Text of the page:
As was almost always the case in the lives of our children, the institution did not protect her. This was the pattern that mystified and enraged me over the years. Where it was surely not possible for the institution to either foresee or prevent such racist atrocities by individuals that so damaged others, the "institution" does have a responsibility to protect and defend those individuals who are the victims of such misdeeds. There was a responsibility to the institution to not acquiesce to the tantrum of Larry's mother, but instead of confronting her, they were embarrassed that it hadn't occurred to anyone to warn her in advance, therefore an acceptance of the rightness of her position.

It gets worse.

I'd tried to comfort my distraught daughter by phone, but she was not to be consoled. Some hours later, when Larry had been returned to the Cedars by his parents, he avoided contact with her. He'd explained to other residents to the best of his mentally-retarded ability that his father told him that something was terribly wrong with Dorrie's mother's skin ... which poor little Larry obviously read as something physical, physiological, and probably contagious! Upon hearing this from others -- Dorrie became frantic -- thinking that something awful had happened to her mother since we'd last been together! She could not be consoled until -- after another call from Joylene -- I drove the long drive to the Cedars so that Dorian could actually see me and be comforted that I was just fine and that my skin had not turned green or purple or scaly!

That may represent the absolute lowest point in the saga of the struggle with racism.

I have no idea what I'd say to that mother were I to meet her today. There are no words. That may make a nice epitaph for my tombstone ...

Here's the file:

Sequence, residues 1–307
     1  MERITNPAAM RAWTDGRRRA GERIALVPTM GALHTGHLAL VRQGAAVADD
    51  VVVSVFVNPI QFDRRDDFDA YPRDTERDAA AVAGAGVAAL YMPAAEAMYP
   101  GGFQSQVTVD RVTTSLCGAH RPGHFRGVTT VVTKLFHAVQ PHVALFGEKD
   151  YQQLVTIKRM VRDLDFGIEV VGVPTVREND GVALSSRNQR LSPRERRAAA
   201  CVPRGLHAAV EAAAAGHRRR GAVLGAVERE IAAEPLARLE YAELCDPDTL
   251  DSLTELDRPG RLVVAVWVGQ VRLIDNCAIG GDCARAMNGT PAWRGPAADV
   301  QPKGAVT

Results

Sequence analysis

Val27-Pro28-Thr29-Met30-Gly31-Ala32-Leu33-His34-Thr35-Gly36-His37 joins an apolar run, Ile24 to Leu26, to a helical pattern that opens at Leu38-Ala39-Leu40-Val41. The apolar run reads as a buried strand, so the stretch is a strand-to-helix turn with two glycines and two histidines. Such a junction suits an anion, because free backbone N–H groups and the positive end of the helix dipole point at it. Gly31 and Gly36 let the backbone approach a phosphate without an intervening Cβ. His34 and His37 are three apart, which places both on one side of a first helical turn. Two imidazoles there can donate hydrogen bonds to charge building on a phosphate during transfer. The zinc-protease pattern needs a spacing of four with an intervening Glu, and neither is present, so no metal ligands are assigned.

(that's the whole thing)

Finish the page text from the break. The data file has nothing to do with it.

There are no words ... .

The demons will out!

Since the big event on Monday I've had scarcely a moment to get out of my paper hat and quiet down enough for the significance of what has happened to surface. Held it all together until last night. This was the long-anticipated opening night of the Henry J. Kaiser exhibit attended by Kaiser family members, museum patrons, foundations, individual funders, city and state officials (Loni, of course), historians, and me. It may seem strange, but I'd completely forgotten about it until around three in the afternoon when I was reminded by another staffmember that it was on my calendar. I was to staff Loni for the evening. And I'd not yet told Loni that my image and audio strip were a part of the exhibition. No accounting for such a slip, except that it was an extraordinary week in my extraordinary life.

Getting to sleep each night this week has been more and more difficult. Seeing old friends on Monday had served to churn up memories -- both joyous and painful -- with each crowding out the present and replacing it with "mini-documentaries" that played out in the dark against my closed eyelids, often only to be washed away by cleansing tears. Would that this had happened long ago. My pride had robbed me of the chance to rid myself of the pain, even during several years of psychotherapy. Admitting that such things were happening to us somehow made them the more deadly. I'd not even shared such things with my family or childhood friends who lived within driving distance of no more than 30 minutes -- across the hills. Not even my hard-working young husband knew what some of the days were like in our new life among hostile strangers. The catharsis of Monday cannot be overstated.

The image of my poor dear Rick looms large in these playlets. His early onset alcoholism was marked by the fact that -- when under the influence -- anger would rise in him that was terrifying! He was a slightly-built teenager, but could hardly be contained at such times by his father who outweighed him by 50 pounds.

Let me describe just one incident in his troubled life:

For Christmas one year, Mel's gift to me was a beautiful beige Mercury stationwagon with the simulated wood side panels and a ski-rack on top. It was -- until the year before when he'd give me a magnificent Martin concert guitar -- the most extravagant gift of my life.